Is virtual healthcare work here to stay?

One major aspect of the ‘new normal’ that we find ourselves in due to the COVID-19 pandemic is that many jobs and workplaces have pivoted to being fully virtual, and this is also true for many sectors of the healthcare industry. At RPI Consulting Group, we’ve been in the healthcare staffing business for almost two decades, and we keep in close contact with all of our clients, many of whom are major Canadian corporations. Based on what we’ve been hearing recently, we’re of the belief that virtual healthcare work is here to stay – but what does this mean for healthcare employees such as registered nurses (RN), registered practical nurses (RPN), licensed practical nurses (LPN), nurse practitioners (NP), pharmacists, personal support workers (PSW) and more?

A wealth of choices

Virtual healthcare jobs open up many additional doors for employees, providing more choices of the type of work you want to do and the places where you want to do it. For example, pharmacists have the option of working in community pharmacies, R&D facilities, and even in an office setting for virtual pharmacy work. On the other side of the coin, nurses can find job opportunities in facilities such as nursing homes, long-term care homes, COVID-19 vaccination clinics, and virtual workplaces as well.

The ins and outs of virtual work

Of course, conducting healthcare work in a virtual setting is just as important as it is in a physical setting, and there’s a number of things that you’ll need to remember if you land a virtual job opportunity. Firstly, you’ll need to accept that your hours may be different than traditional 9:00am – 5:00pm work. Oftentimes, these types of jobs will require you to work afternoons, evenings, or even overnight, depending on the type of work. Even if you’re working full-time hours (minimum 40 hours per week) and enjoying all of the perks that come with full-time employment (such as benefits), the hours can be a lot more sporadic than a more traditional role.

Another thing to consider is that virtual healthcare jobs can often require you to be employed as an independent contractor, and in cases like these, you’d be responsible for carrying your own personal liability insurance. While this is something that the majority of pharmacists and nurses might already have, this doesn’t change just because a job is virtual.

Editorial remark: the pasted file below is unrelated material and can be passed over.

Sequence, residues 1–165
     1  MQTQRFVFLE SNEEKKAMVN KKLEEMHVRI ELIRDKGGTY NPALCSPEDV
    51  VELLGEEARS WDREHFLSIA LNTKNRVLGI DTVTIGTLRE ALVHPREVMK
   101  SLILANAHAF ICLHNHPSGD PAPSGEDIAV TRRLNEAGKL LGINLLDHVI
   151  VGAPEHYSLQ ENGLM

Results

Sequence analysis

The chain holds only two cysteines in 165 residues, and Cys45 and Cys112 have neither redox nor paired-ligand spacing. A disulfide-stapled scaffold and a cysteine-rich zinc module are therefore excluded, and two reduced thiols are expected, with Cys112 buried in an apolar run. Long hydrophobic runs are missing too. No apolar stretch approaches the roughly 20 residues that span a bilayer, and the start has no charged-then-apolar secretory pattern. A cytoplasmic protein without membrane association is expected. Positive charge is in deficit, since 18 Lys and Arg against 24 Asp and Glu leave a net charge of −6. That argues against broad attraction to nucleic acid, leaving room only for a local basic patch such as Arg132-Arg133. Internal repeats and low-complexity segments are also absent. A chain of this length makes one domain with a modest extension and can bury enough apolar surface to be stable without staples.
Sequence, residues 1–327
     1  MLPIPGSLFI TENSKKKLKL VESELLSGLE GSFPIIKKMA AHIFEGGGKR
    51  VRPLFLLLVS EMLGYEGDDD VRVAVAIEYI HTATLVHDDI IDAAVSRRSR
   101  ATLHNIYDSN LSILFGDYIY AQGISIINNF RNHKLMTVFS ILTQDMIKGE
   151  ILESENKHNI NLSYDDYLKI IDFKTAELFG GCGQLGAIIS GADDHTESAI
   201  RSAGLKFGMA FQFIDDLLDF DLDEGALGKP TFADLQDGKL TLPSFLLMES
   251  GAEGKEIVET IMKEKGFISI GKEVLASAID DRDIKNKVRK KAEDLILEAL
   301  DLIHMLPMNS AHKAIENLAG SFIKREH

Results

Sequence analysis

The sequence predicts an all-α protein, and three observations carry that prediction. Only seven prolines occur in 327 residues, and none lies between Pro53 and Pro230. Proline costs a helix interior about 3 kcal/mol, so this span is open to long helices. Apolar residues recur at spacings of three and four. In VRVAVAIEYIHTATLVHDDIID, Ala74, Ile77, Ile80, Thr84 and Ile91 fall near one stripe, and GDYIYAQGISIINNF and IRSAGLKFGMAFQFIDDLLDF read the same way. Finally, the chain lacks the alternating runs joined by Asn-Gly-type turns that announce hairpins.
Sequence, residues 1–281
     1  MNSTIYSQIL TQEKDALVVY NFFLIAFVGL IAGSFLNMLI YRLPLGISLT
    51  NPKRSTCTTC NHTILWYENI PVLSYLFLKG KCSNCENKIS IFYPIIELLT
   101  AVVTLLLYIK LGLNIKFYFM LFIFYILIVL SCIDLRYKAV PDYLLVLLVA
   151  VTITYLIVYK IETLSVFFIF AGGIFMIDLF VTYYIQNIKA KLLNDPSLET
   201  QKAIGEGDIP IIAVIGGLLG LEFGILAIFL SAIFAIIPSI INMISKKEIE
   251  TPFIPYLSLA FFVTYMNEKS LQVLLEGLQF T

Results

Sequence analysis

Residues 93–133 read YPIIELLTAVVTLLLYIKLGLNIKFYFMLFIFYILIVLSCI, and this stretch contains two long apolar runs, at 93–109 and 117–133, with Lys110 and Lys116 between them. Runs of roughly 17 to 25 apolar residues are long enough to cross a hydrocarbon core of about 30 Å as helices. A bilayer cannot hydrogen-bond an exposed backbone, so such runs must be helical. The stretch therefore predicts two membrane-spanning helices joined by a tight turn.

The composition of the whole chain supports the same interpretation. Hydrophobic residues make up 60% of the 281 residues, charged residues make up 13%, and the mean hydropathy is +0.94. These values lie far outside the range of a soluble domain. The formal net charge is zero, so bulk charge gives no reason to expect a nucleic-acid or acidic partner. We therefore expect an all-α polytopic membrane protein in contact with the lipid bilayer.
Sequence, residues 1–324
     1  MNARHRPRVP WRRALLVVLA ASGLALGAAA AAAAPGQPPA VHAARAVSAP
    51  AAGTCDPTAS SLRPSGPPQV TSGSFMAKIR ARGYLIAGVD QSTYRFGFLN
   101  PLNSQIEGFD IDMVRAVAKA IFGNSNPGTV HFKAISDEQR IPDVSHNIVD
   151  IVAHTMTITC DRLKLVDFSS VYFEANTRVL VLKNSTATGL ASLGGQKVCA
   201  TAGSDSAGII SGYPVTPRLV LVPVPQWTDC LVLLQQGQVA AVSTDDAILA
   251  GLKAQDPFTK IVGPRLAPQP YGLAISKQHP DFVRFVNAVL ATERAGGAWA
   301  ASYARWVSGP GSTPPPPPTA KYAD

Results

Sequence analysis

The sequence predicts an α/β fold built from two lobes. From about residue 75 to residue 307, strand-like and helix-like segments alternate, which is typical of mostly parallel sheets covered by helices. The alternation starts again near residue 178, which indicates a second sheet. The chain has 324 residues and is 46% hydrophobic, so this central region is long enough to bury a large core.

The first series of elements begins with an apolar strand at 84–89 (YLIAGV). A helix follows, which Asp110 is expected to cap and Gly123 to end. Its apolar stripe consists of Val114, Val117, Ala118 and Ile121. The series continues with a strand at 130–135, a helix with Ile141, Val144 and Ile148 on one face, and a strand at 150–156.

Staying connected when working virtually is also of the utmost importance, and so it goes without saying that you must ensure that you have access to consistent, high-speed internet/Wi-Fi in your workspace (whether it’s at home or elsewhere). If your home internet is from a lower-tier provider, you’ll need to seriously consider switching to one that’s capable of keeping you connected and fast at all times. The majority of virtual work is conducted on platforms such as Zoom, Microsoft Teams, Webex, etc, and in order for other parties to see and hear you with no issues, high-quality internet is a must.

Finally – and this is arguably the most important point – you’ll absolutely need to possess outstanding communication skills if you decide to work virtually. Because you’ll be spending most of your time by yourself, it’ll be up to you and you alone to interpret directions, follow instructions to the letter, and provide clear, concise feedback and guidance in an online setting. You’ll be speaking on the phone regularly and writing multiple emails over the course of any given day, and if your communication abilities are anything less than stellar, your work will suffer because of it.

Virtual work is here to stay

If you possess all of the above skills and tools, you should have no problems with finding and excelling in a virtual job setting. In recent months, RPI has received multiple virtual opportunities – if you’re interested in applying to what we have available, contact our team of Account Managers and let them know that you’re ready to take a crack at a virtual job.

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